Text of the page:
You might think you don’t need disability insurance, especially if you’re young and in good health. Hopefully, you’re right. Unfortunately, though, becoming disabled can happen to anyone at any time. This isn’t specific to coronavirus either; it has always been true.

The sad fact is that, according to the US government’s statistics, one in four 20-year-olds become disabled before reaching retirement age. That makes it even more important that you consider how to protect yourself with insurance.

And this is especially important: you must get the actual insurance before something happens. If you’re already sick, you can’t buy disability insurance to make up for lost income.

So now is the time to prepare. Here’s some information to get you started.

What Qualifies You for Benefits (And What Doesn’t)
Let’s get clear on one thing that applies to the coronavirus pandemic: only medical quarantine qualifies you for disability benefits. That means only medical self-quarantine related to COVID-19, which is verified by a doctor, will qualify you. Socially quarantining to decrease your chance of contracting the virus in the first place won’t qualify you for your disability insurance benefits. Disability insurance also won’t cover you if you lose income or health insurance because your employer has closed or laid you off.

Also, disability insurance is not the same as health insurance. Though your failed health is the reason you’d get access to your disability insurance in the first place, disability insurance will not cover your medical bills. Disability benefits are basically to help you pay housing and food costs. But in a time when you’re dealing with disability, it’s good to have those bills covered while you are focused on healing and self-care.

There are two different types of disability insurance and knowing the difference will help you save a lot of time.

Short-Term Disability Insurance
Short-term disability insurance normally lasts around 3–6 months, sometimes up to a year or two. It covers about 60–70% of whatever your salary is. The premiums you pay are often higher than long term coverage, ranging from 1–3% of your annual income. So for someone making $50k a year, it would range between $60 to $125 every month. The percentage depends on what kind of health risks the insurance company determines you have. If you smoke, for instance, the premium will probably be higher, just like with many health insurance policies. If you have a risky job, such as dealing with heavy machinery, premiums will likely be higher as well. A major upside, though, is that payouts usually happen within two weeks, which can be a huge relief in an emergency.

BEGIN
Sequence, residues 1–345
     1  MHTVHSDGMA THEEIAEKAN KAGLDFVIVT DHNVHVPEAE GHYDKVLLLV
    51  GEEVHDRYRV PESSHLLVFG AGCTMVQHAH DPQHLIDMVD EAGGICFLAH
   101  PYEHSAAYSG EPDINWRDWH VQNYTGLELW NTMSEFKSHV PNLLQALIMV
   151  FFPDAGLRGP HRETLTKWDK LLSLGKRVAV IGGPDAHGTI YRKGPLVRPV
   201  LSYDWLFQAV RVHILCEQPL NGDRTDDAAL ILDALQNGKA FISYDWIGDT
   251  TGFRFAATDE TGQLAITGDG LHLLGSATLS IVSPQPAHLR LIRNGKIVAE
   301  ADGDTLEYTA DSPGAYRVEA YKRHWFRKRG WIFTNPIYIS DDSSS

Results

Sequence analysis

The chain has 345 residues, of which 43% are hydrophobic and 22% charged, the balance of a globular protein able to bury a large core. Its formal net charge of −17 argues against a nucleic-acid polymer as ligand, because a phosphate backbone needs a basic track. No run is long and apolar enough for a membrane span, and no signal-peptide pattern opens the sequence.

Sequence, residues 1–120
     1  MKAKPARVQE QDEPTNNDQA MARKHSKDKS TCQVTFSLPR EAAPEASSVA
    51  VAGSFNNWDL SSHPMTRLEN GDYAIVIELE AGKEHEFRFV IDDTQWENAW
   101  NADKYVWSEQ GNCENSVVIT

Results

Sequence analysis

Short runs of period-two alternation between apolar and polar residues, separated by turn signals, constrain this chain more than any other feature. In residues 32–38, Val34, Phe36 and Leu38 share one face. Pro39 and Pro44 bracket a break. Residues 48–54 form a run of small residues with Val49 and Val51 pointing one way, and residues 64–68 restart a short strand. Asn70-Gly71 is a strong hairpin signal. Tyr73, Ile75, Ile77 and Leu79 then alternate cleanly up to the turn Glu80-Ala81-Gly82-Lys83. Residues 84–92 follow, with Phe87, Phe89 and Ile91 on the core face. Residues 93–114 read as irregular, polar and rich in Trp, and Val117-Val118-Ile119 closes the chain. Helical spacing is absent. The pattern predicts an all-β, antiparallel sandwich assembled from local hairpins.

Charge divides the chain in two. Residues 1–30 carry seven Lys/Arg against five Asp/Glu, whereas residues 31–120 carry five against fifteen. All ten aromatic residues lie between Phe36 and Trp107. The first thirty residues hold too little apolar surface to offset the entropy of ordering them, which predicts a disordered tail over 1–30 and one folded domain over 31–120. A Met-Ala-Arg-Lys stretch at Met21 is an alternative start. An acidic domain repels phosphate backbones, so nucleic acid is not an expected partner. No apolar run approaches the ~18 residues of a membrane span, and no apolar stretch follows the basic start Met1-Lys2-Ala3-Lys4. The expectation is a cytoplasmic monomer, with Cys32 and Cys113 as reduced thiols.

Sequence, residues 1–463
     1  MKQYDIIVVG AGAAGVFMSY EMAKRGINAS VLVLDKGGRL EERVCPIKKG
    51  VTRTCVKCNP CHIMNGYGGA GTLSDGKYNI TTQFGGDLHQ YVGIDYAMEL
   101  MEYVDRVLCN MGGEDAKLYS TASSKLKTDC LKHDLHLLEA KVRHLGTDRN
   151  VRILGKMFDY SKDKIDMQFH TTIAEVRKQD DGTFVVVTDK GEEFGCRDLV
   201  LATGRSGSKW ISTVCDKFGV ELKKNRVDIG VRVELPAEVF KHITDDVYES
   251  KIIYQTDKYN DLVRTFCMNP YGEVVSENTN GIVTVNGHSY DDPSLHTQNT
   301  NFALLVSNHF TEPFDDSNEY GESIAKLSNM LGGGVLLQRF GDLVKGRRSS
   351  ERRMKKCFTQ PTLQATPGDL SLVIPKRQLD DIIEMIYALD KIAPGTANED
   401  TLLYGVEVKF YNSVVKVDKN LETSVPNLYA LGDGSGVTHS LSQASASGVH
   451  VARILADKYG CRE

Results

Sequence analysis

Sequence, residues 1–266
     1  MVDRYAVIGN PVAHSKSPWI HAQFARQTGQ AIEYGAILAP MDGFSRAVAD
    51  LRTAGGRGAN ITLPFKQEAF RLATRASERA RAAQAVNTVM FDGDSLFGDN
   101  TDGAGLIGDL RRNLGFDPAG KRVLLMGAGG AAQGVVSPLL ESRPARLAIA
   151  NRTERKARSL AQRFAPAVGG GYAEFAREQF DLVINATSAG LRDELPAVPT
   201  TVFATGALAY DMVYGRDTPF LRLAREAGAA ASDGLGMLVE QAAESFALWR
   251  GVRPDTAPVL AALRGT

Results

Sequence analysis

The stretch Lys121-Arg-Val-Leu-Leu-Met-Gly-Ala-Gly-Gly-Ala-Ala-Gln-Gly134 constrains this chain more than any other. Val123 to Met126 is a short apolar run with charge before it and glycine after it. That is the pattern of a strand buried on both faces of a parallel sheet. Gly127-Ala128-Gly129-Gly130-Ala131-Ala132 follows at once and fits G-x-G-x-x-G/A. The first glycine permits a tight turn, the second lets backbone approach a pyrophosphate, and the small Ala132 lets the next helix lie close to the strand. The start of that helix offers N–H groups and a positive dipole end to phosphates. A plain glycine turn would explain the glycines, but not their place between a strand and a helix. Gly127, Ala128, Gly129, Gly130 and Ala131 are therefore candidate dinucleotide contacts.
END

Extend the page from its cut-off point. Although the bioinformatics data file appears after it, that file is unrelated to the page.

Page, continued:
Financial expert Dave Ramsey points out that, because of the higher premiums and shorter span of coverage time, you might want to consider building up a solid emergency fund with 3–6 months of expenses instead. You can consider that personal short-term disability coverage that you don’t have to pay premiums on. But if you’re living paycheck-to-paycheck and can’t foresee saving that much (like 80% of American workers, according to CNBC), and your employer doesn’t offer short-term disability insurance, it is something you may want to consider buying yourself.

Long-Term Disability Insurance
This is the type of insurance that is most important to get, no matter what. This is the type that will last through a long recovery or treatment period. Look for a “non-cancellable insurance policy”, which will keep the insurance company from being able to cancel your policy if you have any health changes.

Long-term disability insurance may pay you benefits for a few years or until your disability ends. Most policies cover 40–60% of your salary, but ones that pay up to 70% do exist, and you should try to find one. These policies also cost 1–3% of your yearly income, but they tend to be on the lower side than short-term. A major difference between the two forms of insurance is that it can take up to 6 months to see a payout. This means that it’s not the best option for covering costs if you have to go into medical quarantine for COVID-19.